Fascinated by how these men affect one another, we are informed by their behavior, creating our own impressions, acting as both judge and jury. Ultimately left to wonder: are these a group of successful, intelligent, driven businessmen and politicians driven to atrocious acts by Hitler for the sake of power, or are they truly criminally insane?

Broder wants the audience to be completely thrilled for 90 minutes, forming their own opinions and conclusions. He would like us to take it to the world, realizing the arts can ultimately alter humanity for the better.

“History rhymes,” according to Broder, repeating itself in all cultures. Whether the United States, Russia, the current state of affairs in Israel with Hamas, or China, government and hate groups continue to devastate with no concern for humanity.

Although “Sense of Decency” serves to entertain, larger issues loom for the present as this vital content resonates so well with current events.

Can humanity prevent such atrocities in the future and learn from the past? Is man a composite of compassion and monster or are some individuals insane, provoking acts of violence? How can we heal such suffering?

One solution comes to mind which is voting one’s conscience and encouraging our youth to vote on issues and candidates affecting the whole of society. We can remember to remain kind and compassionate to one another daily opening our minds and hearts to new ideas. As humans we are capable of civilized, respectful discussions regarding politics and world affairs.

The film “Nuremberg,” based on El-Hai’s book, “The Nazi and the Psychiatrist” is currently in production in Hungary. Starring Russell Crowe (Goering), Rami Malek (Kelley) and Michael Shannon (Supreme Court Justice Robert H. Jackson – chief prosecutor) the film is sure to deliver an exceptional performance of this riveting story.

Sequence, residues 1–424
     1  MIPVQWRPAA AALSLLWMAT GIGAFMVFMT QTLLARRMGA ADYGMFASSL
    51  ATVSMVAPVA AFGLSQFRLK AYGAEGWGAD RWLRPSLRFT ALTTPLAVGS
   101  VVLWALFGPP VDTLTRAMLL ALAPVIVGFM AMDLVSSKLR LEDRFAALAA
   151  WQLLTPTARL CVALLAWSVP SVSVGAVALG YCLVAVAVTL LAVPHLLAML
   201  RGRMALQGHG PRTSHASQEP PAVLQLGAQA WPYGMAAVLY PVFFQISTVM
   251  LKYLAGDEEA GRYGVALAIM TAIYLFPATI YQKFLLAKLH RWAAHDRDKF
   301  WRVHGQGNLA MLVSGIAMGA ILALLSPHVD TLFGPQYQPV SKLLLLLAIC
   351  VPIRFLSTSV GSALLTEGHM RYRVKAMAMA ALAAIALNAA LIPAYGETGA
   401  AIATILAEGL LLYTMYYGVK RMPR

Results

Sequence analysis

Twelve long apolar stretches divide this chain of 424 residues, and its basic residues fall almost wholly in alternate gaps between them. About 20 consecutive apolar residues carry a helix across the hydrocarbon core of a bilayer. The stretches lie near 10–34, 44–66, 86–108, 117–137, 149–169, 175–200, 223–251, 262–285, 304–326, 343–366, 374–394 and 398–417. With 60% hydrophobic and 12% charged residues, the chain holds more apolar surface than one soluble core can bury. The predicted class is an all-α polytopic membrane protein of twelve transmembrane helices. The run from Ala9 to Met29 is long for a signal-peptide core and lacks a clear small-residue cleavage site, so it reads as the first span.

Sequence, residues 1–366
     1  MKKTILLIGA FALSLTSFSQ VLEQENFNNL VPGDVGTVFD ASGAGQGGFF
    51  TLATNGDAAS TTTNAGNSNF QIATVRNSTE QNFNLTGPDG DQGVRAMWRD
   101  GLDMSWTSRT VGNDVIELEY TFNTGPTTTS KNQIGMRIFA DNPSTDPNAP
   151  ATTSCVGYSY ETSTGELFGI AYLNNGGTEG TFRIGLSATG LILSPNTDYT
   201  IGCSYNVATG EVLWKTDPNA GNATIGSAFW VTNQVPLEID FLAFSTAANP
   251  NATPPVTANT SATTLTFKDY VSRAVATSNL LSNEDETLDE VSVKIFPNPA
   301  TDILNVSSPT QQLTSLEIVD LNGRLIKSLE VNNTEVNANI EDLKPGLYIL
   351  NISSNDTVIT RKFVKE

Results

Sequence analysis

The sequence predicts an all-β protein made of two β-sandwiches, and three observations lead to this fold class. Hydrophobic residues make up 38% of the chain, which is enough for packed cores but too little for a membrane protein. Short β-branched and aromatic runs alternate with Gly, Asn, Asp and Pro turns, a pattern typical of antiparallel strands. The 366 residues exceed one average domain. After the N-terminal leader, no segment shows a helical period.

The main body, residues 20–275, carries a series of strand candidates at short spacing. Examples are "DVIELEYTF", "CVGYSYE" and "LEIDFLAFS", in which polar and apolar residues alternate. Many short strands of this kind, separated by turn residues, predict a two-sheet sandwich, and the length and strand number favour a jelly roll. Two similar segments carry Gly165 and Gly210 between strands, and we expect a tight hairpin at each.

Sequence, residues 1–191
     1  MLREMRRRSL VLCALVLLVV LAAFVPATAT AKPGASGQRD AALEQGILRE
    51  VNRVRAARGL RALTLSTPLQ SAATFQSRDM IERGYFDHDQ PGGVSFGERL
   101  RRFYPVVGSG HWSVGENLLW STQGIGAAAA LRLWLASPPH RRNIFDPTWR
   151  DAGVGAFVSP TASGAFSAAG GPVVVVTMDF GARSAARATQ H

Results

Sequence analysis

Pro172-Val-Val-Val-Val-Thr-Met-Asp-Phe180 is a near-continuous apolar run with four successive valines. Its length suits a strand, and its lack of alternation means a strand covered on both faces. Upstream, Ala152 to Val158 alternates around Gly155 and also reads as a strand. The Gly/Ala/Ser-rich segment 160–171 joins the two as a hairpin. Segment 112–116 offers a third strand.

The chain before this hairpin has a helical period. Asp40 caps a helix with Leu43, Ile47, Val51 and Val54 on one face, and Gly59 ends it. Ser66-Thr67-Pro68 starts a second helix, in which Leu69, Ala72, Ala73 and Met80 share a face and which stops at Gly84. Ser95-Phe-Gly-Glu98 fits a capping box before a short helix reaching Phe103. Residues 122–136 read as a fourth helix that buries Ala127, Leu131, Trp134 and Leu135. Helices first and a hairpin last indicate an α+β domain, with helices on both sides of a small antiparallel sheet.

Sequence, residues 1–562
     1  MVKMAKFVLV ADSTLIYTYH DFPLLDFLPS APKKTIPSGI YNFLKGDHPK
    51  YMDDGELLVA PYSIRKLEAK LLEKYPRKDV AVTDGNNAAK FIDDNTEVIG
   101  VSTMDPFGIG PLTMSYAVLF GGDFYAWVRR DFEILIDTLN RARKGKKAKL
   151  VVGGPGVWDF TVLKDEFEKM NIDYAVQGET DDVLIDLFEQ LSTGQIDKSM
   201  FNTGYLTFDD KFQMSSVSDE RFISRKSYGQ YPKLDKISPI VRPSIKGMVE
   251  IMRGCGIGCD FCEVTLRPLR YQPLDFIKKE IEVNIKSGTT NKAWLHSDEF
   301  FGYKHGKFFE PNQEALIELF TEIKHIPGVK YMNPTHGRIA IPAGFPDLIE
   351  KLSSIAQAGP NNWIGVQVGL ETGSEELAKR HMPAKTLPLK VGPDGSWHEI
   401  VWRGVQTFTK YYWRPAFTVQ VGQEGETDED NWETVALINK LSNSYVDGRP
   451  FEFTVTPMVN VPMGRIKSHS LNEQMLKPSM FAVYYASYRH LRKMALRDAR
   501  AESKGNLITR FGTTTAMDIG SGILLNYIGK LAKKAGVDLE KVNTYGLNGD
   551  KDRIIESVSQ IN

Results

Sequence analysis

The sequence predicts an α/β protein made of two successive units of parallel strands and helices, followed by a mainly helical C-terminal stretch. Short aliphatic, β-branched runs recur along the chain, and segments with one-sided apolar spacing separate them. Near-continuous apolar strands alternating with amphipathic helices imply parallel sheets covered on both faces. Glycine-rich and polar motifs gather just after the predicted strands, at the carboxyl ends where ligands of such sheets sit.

About Jake Broder: Jake Broder MA is a Playwright, Actor, Screenwriter, and Musician. He is known for “The Patient,” recently filmed with Steve Carrell (TV mini series 2022). He has a recurring role on HBO’s “Silicon Valley” (2014), and “The Morning Show (2019), Apple TV. Broder played Ira Gershwin in “Words By: Ira Gershwin. He lives in Los Angeles with his wife Lucy and children Ella and Louis.

Broder attended the Guildhall School of Music & Drama in London. He is an Atlantic Fellow at the Global BRN Health Institute, (at UCSF and Trinity College, Dublin) who commissioned his play UnRavelled www.unravelled play.com.

His play “Our American Hamlet” premiered at the Commonwealth Shakespeare Company, and nominated for best new play, IRNE (Boston). Broder holds additional credits too numerous to list.


“We all live in a totalitarian zoo,

Whether Muslim, Christian, Hindu or Jew,

As corrupt leaders conspire to deceive,

Humanity suffers from power, hatred and greed,

Should our souls ever hope to survive,

“Never Again!” will keep us alive.


Scripps Ranch Theatre and Common Ground Theatre Present “STEW” by Zora Howard